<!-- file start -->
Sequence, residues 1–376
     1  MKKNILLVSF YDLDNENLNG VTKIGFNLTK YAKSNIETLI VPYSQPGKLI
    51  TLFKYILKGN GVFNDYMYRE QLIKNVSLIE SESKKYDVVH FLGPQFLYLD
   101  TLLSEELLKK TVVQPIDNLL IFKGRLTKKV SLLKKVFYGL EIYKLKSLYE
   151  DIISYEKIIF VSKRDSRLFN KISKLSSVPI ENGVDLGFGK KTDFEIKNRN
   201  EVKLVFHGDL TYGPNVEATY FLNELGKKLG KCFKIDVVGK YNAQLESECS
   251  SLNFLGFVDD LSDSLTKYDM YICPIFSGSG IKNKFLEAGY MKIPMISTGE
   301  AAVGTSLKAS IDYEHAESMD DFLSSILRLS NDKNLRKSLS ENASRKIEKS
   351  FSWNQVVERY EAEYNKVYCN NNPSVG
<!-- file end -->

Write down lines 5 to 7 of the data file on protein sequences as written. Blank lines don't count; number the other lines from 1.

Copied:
   151  DIISYEKIIF VSKRDSRLFN KISKLSSVPI ENGVDLGFGK KTDFEIKNRN
   201  EVKLVFHGDL TYGPNVEATY FLNELGKKLG KCFKIDVVGK YNAQLESECS
   251  SLNFLGFVDD LSDSLTKYDM YICPIFSGSG IKNKFLEAGY MKIPMISTGE